Banking Regulators Release Joint Statement on Crypto Risks | Latham & Watkins LLP

Banking organizations should ensure proper risk management, but regulators are skeptical of some crypto businesses as majors.

On January 3, 2023, the Federal Reserve System (Federal Reserve) Board of Governors, the Federal Deposit Insurance Corporation (FDIC), and the Office of the Comptroller of the Currency (OCC) (collectively, the agencies) issued a concise statement joint discussion on the risks of cryptocurrencies for banking organisations.

Similarly, Mark Van Der Weide, general counsel of the Federal Reserve, and Benjamin McDonough, general counsel of the OCC, made remarks to the Banking Law Committee of the Business Law Section of the American Bar Association on January 7, 2023, reiterating that their agencies would stay the course on their “careful and cautious” approach to cryptocurrencies.

Keeping in mind the safety and soundness of the U.S. banking system, the statement addresses the various risks that agencies consider associated with crypto-assets and crypto-asset industry participants. According to the statement, “banking organizations should ensure that cryptocurrency-related activities can be conducted safely and properly, are legally permissible, and comply with applicable laws and regulations, including those designed to protect consumers.”

Banking organizations should be aware of (and, where appropriate, mitigate) the following risks associated with crypto-assets:

  • Fraud and scams
  • Practices of custody, redemptions and property rights
  • Inaccurate or misleading statements and disclosures
  • False claims regarding FDIC coverage
  • Unfair, deceptive or abusive practices
  • Volatility and deposit flows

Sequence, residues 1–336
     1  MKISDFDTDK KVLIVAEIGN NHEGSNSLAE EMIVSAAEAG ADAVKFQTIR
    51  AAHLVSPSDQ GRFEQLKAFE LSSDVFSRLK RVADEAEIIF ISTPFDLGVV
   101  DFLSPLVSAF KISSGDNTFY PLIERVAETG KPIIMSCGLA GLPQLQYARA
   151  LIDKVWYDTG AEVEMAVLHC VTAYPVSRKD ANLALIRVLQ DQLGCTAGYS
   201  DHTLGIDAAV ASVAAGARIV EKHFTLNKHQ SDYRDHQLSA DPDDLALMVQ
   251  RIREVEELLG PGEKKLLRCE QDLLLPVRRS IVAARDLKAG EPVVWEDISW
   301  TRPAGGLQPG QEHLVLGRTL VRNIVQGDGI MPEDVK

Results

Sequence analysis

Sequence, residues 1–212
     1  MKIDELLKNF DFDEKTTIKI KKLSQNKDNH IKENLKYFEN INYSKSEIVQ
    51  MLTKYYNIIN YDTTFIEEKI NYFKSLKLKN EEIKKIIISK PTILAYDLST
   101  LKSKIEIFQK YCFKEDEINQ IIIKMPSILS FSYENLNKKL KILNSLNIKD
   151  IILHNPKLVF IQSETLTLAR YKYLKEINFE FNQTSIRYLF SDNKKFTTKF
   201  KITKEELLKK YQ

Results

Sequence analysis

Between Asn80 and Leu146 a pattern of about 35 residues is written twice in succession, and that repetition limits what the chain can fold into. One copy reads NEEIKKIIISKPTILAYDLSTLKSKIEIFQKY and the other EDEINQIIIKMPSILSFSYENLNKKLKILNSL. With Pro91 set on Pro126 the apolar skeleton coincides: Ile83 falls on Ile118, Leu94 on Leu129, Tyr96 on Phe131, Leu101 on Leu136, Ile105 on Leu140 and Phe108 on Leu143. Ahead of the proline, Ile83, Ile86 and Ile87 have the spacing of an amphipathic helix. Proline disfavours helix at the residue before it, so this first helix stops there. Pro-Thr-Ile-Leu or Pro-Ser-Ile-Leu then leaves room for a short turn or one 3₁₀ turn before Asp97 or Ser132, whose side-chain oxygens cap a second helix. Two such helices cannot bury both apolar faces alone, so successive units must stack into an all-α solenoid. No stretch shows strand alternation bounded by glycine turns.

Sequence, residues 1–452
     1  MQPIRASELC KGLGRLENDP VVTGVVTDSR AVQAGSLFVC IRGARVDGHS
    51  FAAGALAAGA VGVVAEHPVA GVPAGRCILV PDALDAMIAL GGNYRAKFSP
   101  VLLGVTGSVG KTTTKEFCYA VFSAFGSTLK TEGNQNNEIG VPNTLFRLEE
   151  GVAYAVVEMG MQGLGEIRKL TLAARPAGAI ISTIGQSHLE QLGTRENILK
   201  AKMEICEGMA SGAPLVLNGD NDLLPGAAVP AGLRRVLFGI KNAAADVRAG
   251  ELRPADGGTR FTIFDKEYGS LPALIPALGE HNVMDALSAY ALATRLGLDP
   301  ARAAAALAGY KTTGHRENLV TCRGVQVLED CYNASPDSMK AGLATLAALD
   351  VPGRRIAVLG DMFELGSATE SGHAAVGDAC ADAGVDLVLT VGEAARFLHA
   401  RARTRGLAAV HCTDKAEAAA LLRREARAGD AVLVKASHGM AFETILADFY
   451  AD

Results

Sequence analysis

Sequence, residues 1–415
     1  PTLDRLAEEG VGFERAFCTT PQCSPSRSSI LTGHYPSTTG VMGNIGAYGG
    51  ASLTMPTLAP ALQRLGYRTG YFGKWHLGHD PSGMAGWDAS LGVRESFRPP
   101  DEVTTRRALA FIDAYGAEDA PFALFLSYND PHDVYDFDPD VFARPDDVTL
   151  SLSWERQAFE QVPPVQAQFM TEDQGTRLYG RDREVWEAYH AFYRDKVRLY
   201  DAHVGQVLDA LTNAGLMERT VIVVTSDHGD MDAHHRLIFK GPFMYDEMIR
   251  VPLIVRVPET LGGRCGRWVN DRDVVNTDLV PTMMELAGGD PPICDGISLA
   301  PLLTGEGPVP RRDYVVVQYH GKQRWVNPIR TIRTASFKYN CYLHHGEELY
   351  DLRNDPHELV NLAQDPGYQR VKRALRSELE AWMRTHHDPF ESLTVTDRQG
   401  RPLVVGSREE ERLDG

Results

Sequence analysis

• You run the risks associated with stablecoins
  • Contagion risks linked to the interconnectivity between market participants
  • Concentration risks due to overexposure or interconnected exposures
  • Inadequate risk management and governance practices
  • Lack of governance mechanisms for open, public or decentralized networks
  • Lack of clearly defined roles, responsibilities and obligations
  • Cyber ​​security, hacking, technology and service outages

Agencies expect these risks to be mitigated or controlled and prevented from affecting the banking system. Appropriate risk management is mandated for banking organizations to identify and manage cryptocurrency risks (including board oversight, policies, procedures, risk assessments, controls, gates and guardrails, and monitoring) .

Of particular importance to token issuers, custodians and decentralized finance protocols, the statement states that “the issuance or holding of major crypto-assets that are issued, stored or transferred over an open, public and/or decentralized network or a similar system is highly likely to be inconsistent with safe and sound banking practices.” Mr. Van Der Weide reiterated this claim in his remarks, while noting that the Federal Reserve was still considering noncore activities, such as acting as a prospector between customers and cryptocurrency companies.

In his remarks, Mr. McDonough said that the OCC’s semi-annual risk outlook report for the fall of 2022 accurately predicted three key risks that had recently emerged: that crypto risk management practices lacked maturity, that stablecoins were still susceptible to risk and that there was a high risk of contagion among industry players.

The agency’s statement closely lines up with that of the New York State Department of Financial Services (NYDFS) in its recent guidance to interested institutions engaging in (or seeking to engage in) virtual currency related activities (see this post by Latham for more information information).

The agencies note that they will continue to monitor current and emerging crypto-asset risks on the one hand and the engagement and exposure of the banking sector on the other.

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